The Department of Health and Human Services (HHS) issued final Patient Protection and Affordable Care Act (PPACA) Health Care Reform rules on May 29th, 2013 regarding employment based wellness programs. The final regulations increase the maximum permissible reward under a health-contingent wellness program offered in connection with a group health plan from 20% to 30% of the cost of coverage, and to 50% when the wellness program is designed to prevent or reduce tobacco usage. The final rules will be effective for plan years beginning on or after January 1, 2014.
The final rules support workplace health promotion and prevention without regard to an employee’s current health status. These Health Care Reform rules expand non-discrimination protections for employer-sponsored wellness programs. The final rules also provide more clearly defined guidelines to design and implement workplace wellness programs than were in HHS’s initial proposal.
The final rules include standards for both participatory wellness programs (those available without regard to an individual’s health status such as rewards to employees for taking a health risk assessment, or participating in a biometric screening, etc), and wellness programs that have “health contingent wellness programs” (those which reward individuals for meeting a specific health standard such as no tobacco usage, having a specified cholesterol level, etc).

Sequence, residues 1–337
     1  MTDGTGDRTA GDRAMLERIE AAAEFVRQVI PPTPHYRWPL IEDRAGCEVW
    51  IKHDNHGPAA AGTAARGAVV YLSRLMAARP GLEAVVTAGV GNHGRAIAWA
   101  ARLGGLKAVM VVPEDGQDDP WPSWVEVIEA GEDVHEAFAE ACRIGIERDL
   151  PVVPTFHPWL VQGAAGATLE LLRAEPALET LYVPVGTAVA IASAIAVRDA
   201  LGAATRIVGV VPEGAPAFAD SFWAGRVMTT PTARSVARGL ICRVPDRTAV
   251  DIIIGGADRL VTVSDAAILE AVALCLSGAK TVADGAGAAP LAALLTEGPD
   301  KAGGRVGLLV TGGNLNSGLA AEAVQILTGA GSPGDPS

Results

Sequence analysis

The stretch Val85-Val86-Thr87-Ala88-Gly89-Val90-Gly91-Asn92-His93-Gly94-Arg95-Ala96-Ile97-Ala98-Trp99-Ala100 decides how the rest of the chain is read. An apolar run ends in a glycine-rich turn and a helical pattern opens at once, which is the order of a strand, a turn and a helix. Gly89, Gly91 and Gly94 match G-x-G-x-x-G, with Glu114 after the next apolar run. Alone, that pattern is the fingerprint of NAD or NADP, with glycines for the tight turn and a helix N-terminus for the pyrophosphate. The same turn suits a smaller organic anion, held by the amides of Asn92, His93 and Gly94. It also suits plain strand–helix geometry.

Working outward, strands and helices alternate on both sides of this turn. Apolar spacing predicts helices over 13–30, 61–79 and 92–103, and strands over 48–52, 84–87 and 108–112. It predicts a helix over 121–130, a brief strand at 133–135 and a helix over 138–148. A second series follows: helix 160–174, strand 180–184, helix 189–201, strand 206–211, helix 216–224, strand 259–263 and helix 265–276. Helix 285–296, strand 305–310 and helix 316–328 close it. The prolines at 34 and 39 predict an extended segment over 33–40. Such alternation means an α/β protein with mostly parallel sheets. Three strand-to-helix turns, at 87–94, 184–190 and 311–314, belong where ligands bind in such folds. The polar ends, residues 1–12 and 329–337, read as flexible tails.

References in the final regulations include rewards such as:
- Discount or rebate of a premium or contribution;
- Waiver of all or part of a cost-sharing mechanism (such as a deductible, copayment, or coinsurance);
- Additional benefit, or any financial or other incentive;
- Avoiding a penalty, such as the absence of a surcharge or other financial or nonfinancial.
The final rules state:
- Individuals eligible for the program must be given an opportunity to qualify for the reward at least once per year;
- The size of the award reward offered to an individual under all health-contingent wellness programs with respect to a plan cannot exceed the applicable percentage of employee-only coverage under the plan, taking into account both employer and employee contributions towards the cost of coverage for the benefit package under which the employee is receiving coverage. If, in addition to employees, any class of dependents (such as spouses or dependent children) participate in the health-contingent wellness program, the reward cannot exceed the applicable percentage of the total cost of the coverage in which the employee and any dependents are enrolled or employee-plus-one coverage;
- The reward for a health-contingent wellness program, together with the reward for other health-contingent wellness programs with respect to the plan, must not exceed 30% of the total cost of employee-only coverage under the plan, or 50% to the extent the program is designed to prevent or reduce tobacco use;
- Consumers are protected with the following provisions:
- Wellness programs must be reasonably designed to promote health or prevent disease;
- The full reward under a health-contingent wellness program must be available to all similarly situated individuals;
- Recommendations be accommodated which are made at any time by an individual’s physician based on medical appropriateness.
To read the final rules in their entirety, please visithttp://www.ofr.gov/OFRUpload/OFRData/2013-12916_PI.pdf